The euro zone debt crisis has reached a critical level and has left the bloc with limited time to find a solution, Jim O’Neill, chairman at Goldman Sachs Asset Management, told CNBC on Wednesday.
“Two years maximum is my perception of the time the euro zone has left to survive in its current form, though the reality is probably far less than that. Markets being markets, we’ve unveiled a degree of speed with the Spanish and Italian bond yields and I can’t see us getting through the summer without some serious consequences,” O’Neill said on CNBC’s “Squawk Box.”
He added that the whole of the European Monetary Union (EMU) was slowly ceasing to function, as policymakers failed to take decisive action.
“The EMU as created doesn’t work. It’s either a United States of Europe type thing or not, and they have to follow something to do with that,” he added.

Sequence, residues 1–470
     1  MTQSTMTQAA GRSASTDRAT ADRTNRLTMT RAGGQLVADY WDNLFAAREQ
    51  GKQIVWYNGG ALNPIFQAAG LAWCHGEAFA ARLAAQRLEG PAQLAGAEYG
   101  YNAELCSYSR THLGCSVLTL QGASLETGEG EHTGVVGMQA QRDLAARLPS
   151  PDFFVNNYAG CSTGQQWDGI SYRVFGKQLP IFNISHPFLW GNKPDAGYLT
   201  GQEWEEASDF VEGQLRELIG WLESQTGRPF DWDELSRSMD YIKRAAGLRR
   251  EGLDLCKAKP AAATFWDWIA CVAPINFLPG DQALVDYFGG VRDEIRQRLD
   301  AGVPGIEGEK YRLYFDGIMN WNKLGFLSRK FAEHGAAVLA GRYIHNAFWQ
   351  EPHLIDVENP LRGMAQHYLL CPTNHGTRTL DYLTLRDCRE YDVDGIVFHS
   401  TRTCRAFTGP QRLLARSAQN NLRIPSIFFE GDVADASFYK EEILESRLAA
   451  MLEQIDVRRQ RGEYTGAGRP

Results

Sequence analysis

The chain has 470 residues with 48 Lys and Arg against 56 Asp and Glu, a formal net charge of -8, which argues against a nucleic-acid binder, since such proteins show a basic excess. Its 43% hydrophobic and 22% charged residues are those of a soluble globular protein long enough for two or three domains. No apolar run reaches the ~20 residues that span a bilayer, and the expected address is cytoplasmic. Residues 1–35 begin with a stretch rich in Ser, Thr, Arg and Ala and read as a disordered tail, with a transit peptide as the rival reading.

“The pondering going on in the markets today, it would seem inevitable given the escalation of Spanish bond yields in particular since last Friday. The monetary authorities have to try something else. What is for sure (is) we cannot carry on with Spanish and Italian bond rising as they are. Not only would this represent serious challenges to EMU’s existence, it would have consequences way beyond it,” he warned.
O’Neill — who famously coined the term BRIC — Brazil, Russia, India, and China — to describe the stars of the emerging markets in the 1990s, said policymakers need to take a “United States of Europe” attitude to solving the debt crisis.
“All 17 leaders could get together and commit to a Eurobond some time in the future and hey presto, that would be the beginnings of a major resolution,” he added.
O’Neill admitted this was unlikely and policymakers would opt for their usual route of “muddling through,” saying their actions thus far were “not good enough.”
He added that the markets were now priced for “almost permanent disaster.”